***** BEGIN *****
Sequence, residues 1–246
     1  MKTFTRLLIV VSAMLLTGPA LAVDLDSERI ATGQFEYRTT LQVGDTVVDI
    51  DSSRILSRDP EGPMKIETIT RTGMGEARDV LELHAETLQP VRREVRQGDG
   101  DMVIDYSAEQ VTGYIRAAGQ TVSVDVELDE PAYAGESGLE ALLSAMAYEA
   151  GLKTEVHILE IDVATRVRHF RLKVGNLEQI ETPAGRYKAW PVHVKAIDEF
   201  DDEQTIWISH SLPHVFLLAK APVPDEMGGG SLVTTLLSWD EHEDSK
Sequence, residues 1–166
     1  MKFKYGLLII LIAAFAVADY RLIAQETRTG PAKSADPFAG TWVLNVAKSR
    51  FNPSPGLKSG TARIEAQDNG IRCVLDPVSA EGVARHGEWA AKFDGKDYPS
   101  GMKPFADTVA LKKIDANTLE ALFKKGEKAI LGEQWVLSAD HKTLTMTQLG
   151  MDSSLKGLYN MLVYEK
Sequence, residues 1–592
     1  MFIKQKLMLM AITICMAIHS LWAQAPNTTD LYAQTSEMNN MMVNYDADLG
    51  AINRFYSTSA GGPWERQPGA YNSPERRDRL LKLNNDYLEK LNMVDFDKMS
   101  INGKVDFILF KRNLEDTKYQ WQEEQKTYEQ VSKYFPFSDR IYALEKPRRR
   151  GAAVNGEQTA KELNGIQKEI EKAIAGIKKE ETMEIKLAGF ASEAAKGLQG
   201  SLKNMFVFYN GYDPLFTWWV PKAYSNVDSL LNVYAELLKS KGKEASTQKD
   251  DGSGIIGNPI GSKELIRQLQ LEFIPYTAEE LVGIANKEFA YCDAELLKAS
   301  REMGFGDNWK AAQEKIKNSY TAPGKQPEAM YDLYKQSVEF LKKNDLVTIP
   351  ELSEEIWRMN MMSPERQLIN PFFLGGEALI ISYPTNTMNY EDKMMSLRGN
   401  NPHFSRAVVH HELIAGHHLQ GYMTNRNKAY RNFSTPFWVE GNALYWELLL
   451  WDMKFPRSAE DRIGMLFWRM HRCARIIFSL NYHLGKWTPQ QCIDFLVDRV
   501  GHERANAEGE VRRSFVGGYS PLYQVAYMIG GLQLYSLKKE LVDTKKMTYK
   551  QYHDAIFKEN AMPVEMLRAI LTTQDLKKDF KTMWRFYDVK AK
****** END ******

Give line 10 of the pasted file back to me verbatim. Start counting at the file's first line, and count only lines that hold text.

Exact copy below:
   101  GMKPFADTVA LKKIDANTLE ALFKKGEKAI LGEQWVLSAD HKTLTMTQLG